16 Garden Snail Facts and Statistics in 2023
Note: This article’s statistics come from third-party sources and do not represent the opinions of this website.
The chances are that if you have a garden, you’re quite familiar with these shelled animals. The story of the Common Garden Snail (Cornu aspersum) is a complicated one, starting with its scientific name. Scientists know it by at least three other names. They can agree that this species is part of the class Gastropoda that includes snails and slugs.
As a group, snails inhabit every continent on the planet. They have similar body structures with noticeable shells, feet, and tentacles. Nevertheless, they are a diverse category of animals. Few others have such a broad range of uses relevant to humans. After reading our list of facts, we think that you might view that lowly Garden Snail a bit differently. The stats are grouped into the following categories:
Top 16 Garden Snail Facts
- Garden snails are invertebrates that are part of the Mollusca phylum.
- The common garden snail is one of up to 76,000 living species of mollusks in the world.
- Snail shells are made of proteins and calcium carbonate.
- Garden snails are drought-resistant.
- Garden snails are not native to the United States.
- Snails can only move about 0.03 mph.
- Garden snails have varying eating habits.
- A snail’s shell is a permanent fixture.
- Snails have four tentacles on their heads.
- Garden snails are nocturnal.
- Many people eat snails and their eggs.
- According to the International Union for Conservation of Nature and Natural Resources (IUCN), the garden snail is a species of least concern.
- Some hobbyists keep snails in their aquariums for algae control.
- Garden snails may provide chemical compounds to develop new medicines for humans.
- Garden snails cause significant agricultural damage.
- Caffeine and copper are excellent snail repellents.
Being a Snail
1. Garden snails are invertebrates that are part of the Mollusca phylum.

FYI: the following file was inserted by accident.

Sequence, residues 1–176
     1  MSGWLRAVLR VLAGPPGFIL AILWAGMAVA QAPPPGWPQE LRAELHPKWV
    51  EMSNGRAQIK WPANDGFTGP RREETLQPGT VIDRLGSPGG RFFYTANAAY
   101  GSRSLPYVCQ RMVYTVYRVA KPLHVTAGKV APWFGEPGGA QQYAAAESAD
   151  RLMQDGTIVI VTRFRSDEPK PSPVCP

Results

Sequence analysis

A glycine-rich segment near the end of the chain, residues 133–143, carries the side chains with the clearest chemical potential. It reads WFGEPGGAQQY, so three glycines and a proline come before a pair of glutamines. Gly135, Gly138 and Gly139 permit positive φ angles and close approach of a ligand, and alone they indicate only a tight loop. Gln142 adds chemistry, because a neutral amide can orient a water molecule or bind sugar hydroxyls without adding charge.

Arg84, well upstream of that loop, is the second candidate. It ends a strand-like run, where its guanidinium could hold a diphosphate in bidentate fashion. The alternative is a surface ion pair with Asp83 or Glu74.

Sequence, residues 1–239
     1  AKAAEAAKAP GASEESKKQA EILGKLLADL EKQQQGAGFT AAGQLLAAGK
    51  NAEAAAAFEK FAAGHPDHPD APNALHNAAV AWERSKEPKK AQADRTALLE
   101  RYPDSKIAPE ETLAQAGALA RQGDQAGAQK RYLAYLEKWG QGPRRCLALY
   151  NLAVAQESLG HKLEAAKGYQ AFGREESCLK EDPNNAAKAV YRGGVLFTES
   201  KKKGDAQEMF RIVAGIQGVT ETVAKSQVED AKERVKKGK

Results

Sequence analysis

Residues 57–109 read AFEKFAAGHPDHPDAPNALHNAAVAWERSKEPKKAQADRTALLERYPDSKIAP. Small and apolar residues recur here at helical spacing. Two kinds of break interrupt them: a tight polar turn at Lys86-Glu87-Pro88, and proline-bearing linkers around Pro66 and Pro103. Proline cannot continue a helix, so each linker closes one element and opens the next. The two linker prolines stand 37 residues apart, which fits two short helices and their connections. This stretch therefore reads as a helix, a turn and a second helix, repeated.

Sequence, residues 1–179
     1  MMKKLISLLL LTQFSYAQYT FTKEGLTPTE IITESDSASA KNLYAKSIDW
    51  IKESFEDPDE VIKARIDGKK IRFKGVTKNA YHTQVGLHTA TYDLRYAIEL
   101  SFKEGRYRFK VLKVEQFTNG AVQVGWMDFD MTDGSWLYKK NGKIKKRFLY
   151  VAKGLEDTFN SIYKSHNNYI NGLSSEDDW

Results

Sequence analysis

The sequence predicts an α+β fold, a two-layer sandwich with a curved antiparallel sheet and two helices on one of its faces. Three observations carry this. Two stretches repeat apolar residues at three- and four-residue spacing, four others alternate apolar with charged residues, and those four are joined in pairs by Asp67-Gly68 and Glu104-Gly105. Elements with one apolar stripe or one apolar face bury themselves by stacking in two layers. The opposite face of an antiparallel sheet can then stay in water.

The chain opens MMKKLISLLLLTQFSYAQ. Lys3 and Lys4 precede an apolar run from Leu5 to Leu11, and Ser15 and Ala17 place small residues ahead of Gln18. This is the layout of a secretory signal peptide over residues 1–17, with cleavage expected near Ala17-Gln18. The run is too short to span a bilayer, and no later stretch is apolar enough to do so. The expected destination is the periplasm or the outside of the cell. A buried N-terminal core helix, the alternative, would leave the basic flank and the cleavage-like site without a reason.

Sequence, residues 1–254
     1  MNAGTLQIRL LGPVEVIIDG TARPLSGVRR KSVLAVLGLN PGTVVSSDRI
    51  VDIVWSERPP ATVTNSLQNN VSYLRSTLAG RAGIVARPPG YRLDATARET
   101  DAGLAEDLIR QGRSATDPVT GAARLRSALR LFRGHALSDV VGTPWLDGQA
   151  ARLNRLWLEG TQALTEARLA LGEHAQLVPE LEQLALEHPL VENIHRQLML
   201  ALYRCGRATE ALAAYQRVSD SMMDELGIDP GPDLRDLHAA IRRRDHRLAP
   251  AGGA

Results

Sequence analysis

One defining characteristic of gastropods is the absence of a backbone. The fact that snails have a shell puts them into the Mollusca phylum. That group includes many familiar animals, such as mussels, clams, and scallops. Are you sensing a theme with this list?
2. The Common Garden Snail is one of up to 85,000 living species of mollusks in the world.
Identifying and classifying snails is challenging. The remote habitats of some species are formidable obstacles. Estimates for the number of mollusks vary anywhere from 34,000–200,000. Recent scientific evidence puts the figure at 85,000 species. It’s safe to say that the Garden Snail is in good company.
3. Snail shells are made of proteins and calcium carbonate.
The body of the Garden Snail—and all mollusks—is covered by a layer of tissue called a mantle. This structure secretes special proteins, some that mix with calcium carbonate to form their hard shells. The latter is also the material in seashells, eggshells, and pearls.
4. Garden snails are drought-resistant.
The environment is a source of stress for animals, plants, and humans. An organism’s response to its pressures determines whether it’ll survive. You’d think that a soft-bodied creature like a snail would have a difficult time during hot spells or droughts. The opposite is true for these resilient gastropods. It turns out that they are quite drought-resistant and may even benefit from climate change.
5. Garden snails are not native to the United States.